Soybean Cyst Nematodes - U of I Extension

News Release

Soybean Cyst Nematodes

This article was originally published on January 22, 2009 and expired on April 22, 2009. It is provided here for archival purposes and may contain dated information.

More than 80 percent of the Illinois soybean fields are infested with soybean cyst nematode (SCN) and fields should be sampled regularly for SCN populations. Those two points were made by Terry Niblack, Extension nematologist, at the recent University of Illinois Corn and Soybean Classic at Malta.

According to Niblack, three reasons that fields should be sampled regularly for the pest are:

· If the field has been SCN-free in the past, it probably won't be for long. SCN was first found in Illinois in one single county in 1962; by 2005 it had spread throughout all counties in the state.

· It is much easier to keep SCN numbers low than it is to drive high numbers down. Periodic soil sampling is the only way to know what is happening with the SCN population in a field. SCN can cause 30 percent or more yield loss without causing any visible symptoms.

· If the field is planted to a confirmed SCN-resistant variety and SCN populations are increasing, that's proof that adaptation or a "race shift" has occurred. SCN-resistant varieties do not have the same levels of resistance and there are no immune soybean varieties. The only way to know about the population of the pest is to sample and track population over time.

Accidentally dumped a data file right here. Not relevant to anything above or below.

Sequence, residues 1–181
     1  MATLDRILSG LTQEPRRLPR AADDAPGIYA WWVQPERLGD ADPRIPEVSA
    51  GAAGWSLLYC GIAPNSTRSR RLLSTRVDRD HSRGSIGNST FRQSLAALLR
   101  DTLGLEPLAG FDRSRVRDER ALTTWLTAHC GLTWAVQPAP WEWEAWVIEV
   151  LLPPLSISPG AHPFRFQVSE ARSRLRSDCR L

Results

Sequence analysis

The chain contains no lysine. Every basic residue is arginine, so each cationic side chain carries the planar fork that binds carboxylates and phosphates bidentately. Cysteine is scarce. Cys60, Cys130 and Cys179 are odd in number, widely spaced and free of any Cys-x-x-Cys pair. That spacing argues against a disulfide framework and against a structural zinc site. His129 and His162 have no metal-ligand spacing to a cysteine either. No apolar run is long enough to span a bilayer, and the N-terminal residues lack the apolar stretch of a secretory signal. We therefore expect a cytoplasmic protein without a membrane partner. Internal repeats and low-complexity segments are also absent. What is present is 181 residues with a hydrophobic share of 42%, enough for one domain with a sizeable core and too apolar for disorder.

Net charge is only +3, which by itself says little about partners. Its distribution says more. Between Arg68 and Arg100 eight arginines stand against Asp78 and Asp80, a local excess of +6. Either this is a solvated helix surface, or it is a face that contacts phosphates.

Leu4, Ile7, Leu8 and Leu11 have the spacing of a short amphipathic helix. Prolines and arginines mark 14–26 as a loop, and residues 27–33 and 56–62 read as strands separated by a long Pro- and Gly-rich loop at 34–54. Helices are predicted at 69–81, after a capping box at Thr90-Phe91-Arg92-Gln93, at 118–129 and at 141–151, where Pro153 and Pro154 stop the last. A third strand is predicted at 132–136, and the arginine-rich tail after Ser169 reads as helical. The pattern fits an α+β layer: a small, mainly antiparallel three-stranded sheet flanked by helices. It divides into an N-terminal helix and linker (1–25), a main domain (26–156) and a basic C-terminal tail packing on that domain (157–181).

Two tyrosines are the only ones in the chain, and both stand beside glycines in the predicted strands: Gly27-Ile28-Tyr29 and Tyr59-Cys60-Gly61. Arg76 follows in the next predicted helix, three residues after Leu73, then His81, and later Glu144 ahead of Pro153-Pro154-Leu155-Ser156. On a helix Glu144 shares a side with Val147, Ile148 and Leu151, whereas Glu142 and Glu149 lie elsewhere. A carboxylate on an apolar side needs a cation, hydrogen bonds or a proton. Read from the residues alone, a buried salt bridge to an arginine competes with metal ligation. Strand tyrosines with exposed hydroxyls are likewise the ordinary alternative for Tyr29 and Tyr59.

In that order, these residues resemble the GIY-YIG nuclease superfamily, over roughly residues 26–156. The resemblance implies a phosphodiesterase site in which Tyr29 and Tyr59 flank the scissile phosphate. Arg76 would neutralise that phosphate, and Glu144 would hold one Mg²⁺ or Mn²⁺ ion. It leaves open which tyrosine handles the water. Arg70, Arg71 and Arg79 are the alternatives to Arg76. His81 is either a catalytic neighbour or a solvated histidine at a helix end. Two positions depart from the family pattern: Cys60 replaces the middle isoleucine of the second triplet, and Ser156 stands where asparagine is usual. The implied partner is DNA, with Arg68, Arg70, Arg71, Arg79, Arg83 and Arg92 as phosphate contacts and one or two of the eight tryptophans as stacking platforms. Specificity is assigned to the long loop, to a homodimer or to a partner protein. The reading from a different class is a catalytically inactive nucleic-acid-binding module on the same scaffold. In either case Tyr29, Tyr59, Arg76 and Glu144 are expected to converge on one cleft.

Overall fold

An important word in SCN management is rotate. Rotate crops, rotate resistant varieties, and rotate source of resistance.

An assessment of varieties labeled "SCN-resistant" can be found in the booklet,

updated yearly, titled Variety Information Program for Soybeans (VIPS) and at the web site http://www.vipsoybeans.org/ These efforts are supported by the Illinois Soybean Association.

In addition to resistant varieties, experimental seed treatment products are being tested for their use in managing SCN. Currently however, none have been released.

It is important to implement the message about SCN of several years ago, "take the test (soil test), and beat the pest (SCN)", concludes Niblack.

For more information about SCN and testing contact your local University of Illinois Extension office. In Ogle County you may call Bill Lindenmier at (815) 732-2191, e-mail him at lindenb@illinois.edu, or visit www.extension.uiuc.edu/ogle .

Source: Jim Morrison, Extension Educator, Crop Systems, morrison@illinois.edu

Pull date: April 22, 2009